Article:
by Mike Richards

Mark sighed regretfully as he climbed onto his bike. It was a beautiful Saturday morning, warm and clear, the sort of day on which he would once have gladly gone for a ride for the sheer joy of riding.

"But not today, old friend," he said sadly, patting the fuel tank before kick-starting the engine. "Moving up here to Scotland may be a great career move, but there's no room for you in Silicon Glen." He glanced over his shoulder, but the winding road was empty of traffic, and only a pair of sheep looked back at him. With another sigh, he set off down the road to Inverness, keeping his speed down to prolong this last ride.

As he rode, his mind flashed back over all the time he had spent on her. He had found her, rusted and dented, in an old scrap yard while he was still in high school, and had spent weeks cleaning her up and repairing her. Throughout college he had continued to work on her, painting her and tuning the engine until she practically purred. Now, though, he had a new job, a new house, and no room for a motorbike.

He was so lost in his daydream that he almost didn't see the old man, waving at him from the side of the road. He braked and slowed to a halt beside him, curious as to how the man had gotten here, miles from the nearest house. The man looked weathered, and wore a shabby brown coat, and he rested his weight on a short, gnarled walking stick, but his eyes fairly sparkled in the morning sun. "That be a fine steed ye have, young man," he said, his voice as weathered as his looks.

Mark looked blank, "Steed?"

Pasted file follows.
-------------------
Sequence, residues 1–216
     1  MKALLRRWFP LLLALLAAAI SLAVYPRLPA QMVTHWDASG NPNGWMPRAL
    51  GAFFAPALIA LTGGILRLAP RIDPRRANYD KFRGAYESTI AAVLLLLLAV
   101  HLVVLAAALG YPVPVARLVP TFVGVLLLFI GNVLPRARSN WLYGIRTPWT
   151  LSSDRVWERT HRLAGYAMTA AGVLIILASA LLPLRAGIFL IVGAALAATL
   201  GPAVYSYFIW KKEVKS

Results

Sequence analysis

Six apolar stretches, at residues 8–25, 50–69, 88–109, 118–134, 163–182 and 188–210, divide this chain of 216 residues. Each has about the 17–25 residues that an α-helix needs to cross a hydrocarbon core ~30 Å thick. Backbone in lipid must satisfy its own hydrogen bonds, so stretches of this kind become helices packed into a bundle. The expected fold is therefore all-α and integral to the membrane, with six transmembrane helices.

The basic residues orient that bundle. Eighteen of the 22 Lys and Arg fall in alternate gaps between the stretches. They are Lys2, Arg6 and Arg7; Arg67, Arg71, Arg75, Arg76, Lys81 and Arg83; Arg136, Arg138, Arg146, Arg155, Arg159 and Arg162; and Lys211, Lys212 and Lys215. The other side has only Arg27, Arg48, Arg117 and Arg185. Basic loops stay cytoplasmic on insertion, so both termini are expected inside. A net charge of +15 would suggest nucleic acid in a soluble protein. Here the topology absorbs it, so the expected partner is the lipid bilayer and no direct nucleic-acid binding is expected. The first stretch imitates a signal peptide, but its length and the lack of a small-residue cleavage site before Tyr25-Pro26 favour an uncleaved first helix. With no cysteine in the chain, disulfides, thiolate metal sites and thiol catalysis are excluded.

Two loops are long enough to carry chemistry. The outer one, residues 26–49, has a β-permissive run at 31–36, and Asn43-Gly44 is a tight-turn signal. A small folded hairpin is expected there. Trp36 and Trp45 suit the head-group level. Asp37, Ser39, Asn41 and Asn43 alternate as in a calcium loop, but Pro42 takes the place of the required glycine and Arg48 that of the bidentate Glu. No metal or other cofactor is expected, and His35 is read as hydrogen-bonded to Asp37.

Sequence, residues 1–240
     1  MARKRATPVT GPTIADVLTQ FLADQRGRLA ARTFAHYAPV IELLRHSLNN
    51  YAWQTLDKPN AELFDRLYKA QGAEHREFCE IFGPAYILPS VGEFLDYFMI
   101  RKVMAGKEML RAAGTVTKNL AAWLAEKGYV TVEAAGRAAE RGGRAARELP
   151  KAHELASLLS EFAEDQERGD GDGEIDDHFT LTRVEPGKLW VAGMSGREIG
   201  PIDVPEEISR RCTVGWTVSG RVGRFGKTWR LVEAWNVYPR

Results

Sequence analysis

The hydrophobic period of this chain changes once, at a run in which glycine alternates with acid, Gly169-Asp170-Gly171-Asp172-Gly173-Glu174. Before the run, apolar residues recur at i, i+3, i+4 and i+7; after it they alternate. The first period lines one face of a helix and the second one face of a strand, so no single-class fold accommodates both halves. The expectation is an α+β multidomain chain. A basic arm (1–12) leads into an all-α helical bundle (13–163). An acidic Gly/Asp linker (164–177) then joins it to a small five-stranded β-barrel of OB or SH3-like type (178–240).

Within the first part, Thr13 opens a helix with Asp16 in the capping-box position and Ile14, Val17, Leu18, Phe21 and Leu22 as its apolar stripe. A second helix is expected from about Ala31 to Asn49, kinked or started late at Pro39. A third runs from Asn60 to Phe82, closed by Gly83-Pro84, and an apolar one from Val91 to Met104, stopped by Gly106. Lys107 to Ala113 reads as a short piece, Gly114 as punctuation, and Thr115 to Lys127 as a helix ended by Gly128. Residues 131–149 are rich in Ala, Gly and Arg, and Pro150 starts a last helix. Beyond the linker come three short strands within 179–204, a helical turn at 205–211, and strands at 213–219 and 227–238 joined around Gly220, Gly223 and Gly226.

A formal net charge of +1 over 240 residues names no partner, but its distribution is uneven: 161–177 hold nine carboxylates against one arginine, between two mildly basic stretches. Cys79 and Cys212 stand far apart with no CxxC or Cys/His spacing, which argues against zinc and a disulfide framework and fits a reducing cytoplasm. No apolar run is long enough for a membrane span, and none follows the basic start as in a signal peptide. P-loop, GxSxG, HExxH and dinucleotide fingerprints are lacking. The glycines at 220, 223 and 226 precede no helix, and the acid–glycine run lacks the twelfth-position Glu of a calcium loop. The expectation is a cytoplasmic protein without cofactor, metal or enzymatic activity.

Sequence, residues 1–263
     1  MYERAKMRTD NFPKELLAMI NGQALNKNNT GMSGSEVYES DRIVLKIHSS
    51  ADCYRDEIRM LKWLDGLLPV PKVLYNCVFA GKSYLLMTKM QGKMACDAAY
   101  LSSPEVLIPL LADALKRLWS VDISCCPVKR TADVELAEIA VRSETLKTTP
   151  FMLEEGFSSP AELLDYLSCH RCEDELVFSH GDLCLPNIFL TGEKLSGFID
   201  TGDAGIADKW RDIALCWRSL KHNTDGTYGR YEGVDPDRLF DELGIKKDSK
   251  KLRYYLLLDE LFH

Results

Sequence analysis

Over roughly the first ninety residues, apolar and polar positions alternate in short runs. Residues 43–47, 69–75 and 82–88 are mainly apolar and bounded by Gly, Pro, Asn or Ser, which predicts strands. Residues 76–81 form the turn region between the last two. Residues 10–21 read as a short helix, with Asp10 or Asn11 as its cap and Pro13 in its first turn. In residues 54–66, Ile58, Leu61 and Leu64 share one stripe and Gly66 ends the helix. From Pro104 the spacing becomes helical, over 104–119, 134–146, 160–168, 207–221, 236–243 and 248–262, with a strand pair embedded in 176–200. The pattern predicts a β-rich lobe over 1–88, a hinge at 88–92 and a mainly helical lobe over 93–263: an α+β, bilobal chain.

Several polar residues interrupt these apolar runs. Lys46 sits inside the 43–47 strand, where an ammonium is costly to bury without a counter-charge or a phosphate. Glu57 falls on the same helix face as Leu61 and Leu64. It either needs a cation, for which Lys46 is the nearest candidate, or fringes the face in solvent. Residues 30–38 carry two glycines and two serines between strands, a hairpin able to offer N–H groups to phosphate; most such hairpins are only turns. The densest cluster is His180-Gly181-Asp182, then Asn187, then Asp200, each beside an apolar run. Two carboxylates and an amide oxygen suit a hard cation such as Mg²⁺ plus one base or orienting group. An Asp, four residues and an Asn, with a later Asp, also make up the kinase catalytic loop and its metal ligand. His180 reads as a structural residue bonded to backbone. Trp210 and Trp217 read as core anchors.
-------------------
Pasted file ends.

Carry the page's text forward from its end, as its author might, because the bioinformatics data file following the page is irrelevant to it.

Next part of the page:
Aye, steed!"

"I donít understand--" Mark began.

The old man gestured with his staff at the bike, and his eyes seemed to stare right through Mark for a moment. "Yer steed, yer bike, yer 'souped up turbo-charged Harley Davison motor-bike'"

Mark nodded regretfully. "Yes, she is," he said sadly, "but I need to sell her. I've no room for her any more."

"Aye, I ken how that can be. More than likely she'll go to some callow fool who'll crash her into the first tree he finds."

Mark winced, but said nothing.

"Well, young man, it so happens that I be needing a steed. I can promise that she'll be well cared for. How much be ye asking for her?" Mark frowned; this was not what he had been expecting. "I thought I'd ask at one of the garages in Inverness, see what they'd give me for her."

"Them crooks. They'd rob ye blind, young man." He looked straight into Mark's eyes, and seemed to draw himself up straighter, "I promise ye, ye'll not take their offer, but I'll give ye twice the best ye find there."

Mark shrugged. "I'd rather try the professionals first," he replied, firing up the engine once more.

The old man stepped out of the way. "Aye, lad, ye do that. I'll see ye when ye return, and we can talk some more then."

Mark glanced in his mirror as he accelerated down the road, but the old man was no-where in sight. Crazy old coot, he thought. There must be someone in Inverness who'll pay for a first-class bike.

Four hours later he wasn't so sure, as he pulled out of the last dealership on his list. At first he had been insulted by the offers he'd received for the bike, but now he was resigned to reality. Nobody wanted a bike like his in Scotland, and nobody would pay him more than half of what he had hoped to get for her. He shook his head and absently patted the fuel tank once more.

"Well, Blue Lady, looks like you and I are staying together a little longer," he murmured, working his way carefully through the one-way system and heading back home. "Maybe I can make a trip down to Carlyle or Newcastle and get a better deal for you there."